While watching game six of last week's World Series, my attention fluctuated between the hyped-up commentary of the TV sportscasters and that of my Facebook feed. At the top of the 11th inning, an old friend, who hailed from neither the Show Me or Lone Star State, posted a status update that rung incredibly true. "It's way more fun to watch a ball game," she wrote, "when you don't really care who wins."
At that moment, I couldn't agree more. While I probably had a bit of a soft spot in my heart for St. Louis (it's just so hard to root for anything from Texas), I was able to sit back, relax and thoroughly enjoy watching hometown-hero David Freese defy the odds and knock in the game-winning Cardinal home run. If the Brewers had been playing, I would have been chewing on my nails, looking away nervously, and pacing the family room floor. It was a pleasant relief to be so emotionally un-invested in the game's outcome.
I wish I could have the same relaxed attitude when it comes to other aspects of my life, especially parenting. But let's face it. No matter what our kids do, we care. A lot. Perhaps sometimes, we care so much we take all the fun out of the experience for ourselves.
I'm not sure I enjoyed a minute of my oldest son's baseball season this past summer. I was always on-edge worrying he'd be the kid dropping the fly ball to right field, paving the way for the opposing team's victory. He's a tough kid with an easy attitude towards sports; he would have easily gotten over the error. Me, I'm not so sure.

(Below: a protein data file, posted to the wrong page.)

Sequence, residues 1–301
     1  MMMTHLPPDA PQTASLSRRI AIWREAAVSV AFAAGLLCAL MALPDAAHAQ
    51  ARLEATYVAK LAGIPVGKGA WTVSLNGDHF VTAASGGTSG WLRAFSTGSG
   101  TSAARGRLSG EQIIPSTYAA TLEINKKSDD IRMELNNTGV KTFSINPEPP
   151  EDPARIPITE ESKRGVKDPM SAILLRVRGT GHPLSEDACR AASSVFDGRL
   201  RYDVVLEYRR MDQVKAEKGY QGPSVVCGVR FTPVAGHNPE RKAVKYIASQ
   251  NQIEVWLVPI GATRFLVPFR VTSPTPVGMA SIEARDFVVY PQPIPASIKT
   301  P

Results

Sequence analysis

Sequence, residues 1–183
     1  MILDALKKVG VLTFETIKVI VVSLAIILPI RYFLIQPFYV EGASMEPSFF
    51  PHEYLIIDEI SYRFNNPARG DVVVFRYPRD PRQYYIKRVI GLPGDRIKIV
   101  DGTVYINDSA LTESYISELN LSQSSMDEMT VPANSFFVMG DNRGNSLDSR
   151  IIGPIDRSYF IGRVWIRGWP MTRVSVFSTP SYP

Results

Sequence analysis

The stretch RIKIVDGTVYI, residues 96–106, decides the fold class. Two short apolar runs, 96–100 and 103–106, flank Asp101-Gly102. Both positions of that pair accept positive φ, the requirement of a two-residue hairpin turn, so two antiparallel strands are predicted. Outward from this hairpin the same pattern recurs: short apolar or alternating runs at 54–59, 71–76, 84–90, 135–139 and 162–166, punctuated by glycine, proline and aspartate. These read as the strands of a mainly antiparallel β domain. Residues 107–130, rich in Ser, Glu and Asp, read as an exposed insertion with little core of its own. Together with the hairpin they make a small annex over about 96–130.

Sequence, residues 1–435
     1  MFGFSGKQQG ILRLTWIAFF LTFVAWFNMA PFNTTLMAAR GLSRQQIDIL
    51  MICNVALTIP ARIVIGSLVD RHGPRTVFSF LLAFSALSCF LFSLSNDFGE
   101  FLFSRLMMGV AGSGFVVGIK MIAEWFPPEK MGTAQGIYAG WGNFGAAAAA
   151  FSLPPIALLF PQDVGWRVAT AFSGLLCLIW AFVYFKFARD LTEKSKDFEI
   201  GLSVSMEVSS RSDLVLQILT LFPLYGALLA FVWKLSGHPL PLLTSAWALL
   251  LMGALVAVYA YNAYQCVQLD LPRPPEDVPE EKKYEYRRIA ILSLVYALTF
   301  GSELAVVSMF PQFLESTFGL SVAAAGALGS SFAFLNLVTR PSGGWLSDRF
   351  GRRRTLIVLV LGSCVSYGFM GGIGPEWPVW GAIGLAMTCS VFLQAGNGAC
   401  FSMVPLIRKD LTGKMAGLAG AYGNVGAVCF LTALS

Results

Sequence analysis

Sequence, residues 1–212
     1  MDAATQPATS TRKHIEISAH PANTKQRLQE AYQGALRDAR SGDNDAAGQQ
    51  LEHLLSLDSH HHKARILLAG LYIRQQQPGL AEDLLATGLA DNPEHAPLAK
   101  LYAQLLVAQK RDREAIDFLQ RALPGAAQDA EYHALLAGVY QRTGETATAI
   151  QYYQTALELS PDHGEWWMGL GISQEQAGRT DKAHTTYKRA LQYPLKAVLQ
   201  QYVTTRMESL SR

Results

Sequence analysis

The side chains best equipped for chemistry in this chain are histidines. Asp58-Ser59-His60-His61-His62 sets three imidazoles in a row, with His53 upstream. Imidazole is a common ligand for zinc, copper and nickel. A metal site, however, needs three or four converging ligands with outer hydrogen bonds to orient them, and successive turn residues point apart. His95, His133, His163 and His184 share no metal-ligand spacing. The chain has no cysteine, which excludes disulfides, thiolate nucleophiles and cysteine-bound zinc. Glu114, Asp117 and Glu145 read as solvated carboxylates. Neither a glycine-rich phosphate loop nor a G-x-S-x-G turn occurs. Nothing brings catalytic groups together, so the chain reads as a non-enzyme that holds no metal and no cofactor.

The same could be said for watching my daughter's drama camp play. It's hard to appreciate the finer moments of a theatrical masterpiece like "When The Hippos Crashed the Dance" if you are worrying that your own little hippo may crash and burn. Elementary school kids forgetting lines and missing cues can be a delight to watch; the stuff great sitcom moments are made of. Unless, of course, the kid flubbing Henrietta Hippo's big aria is yours.
But as I spent some time with my adorable and unusually active 3-year-old nephew this past weekend, I realized that "aunthood" is an opportunity to achieve that "Game 6 feeling" with a kid I love. When I'm with him I can let my "mommy" guard down and appreciate just how fun observing childhood can be. When he stops a policeman on State Street and asks him why he isn't being a fireman for Halloween, I can find it charming. If it was my own kid, I'd probably have been slightly embarrassed. And when the same adorable pre-schooler uses a tissue to wipe his snot-filled nose and then carefully folds it to place it back in the box, I giggle and try to capture the YouTube-worthy moment on video. Had my own daughter done the same at that age, I'd have been praying no one else was around to see it.
With the kids in my extended family it is bubble gum, kiddy cocktails and a stop at McDonalds if they'd like. With my own kids it's apple slices, milk (white, rarely chocolate) and fast food on very limited occasions. I don't have to pay my nieces and nephew's dental bills, after all.
Being an Aunt has given me the opportunity to enjoy family without the sometimes- heavy of responsibility of parenting. When I am with my sibling's kids I can sit back, and enjoy the game.
I never feel the need to look away nervously.
And I love not missing a thing.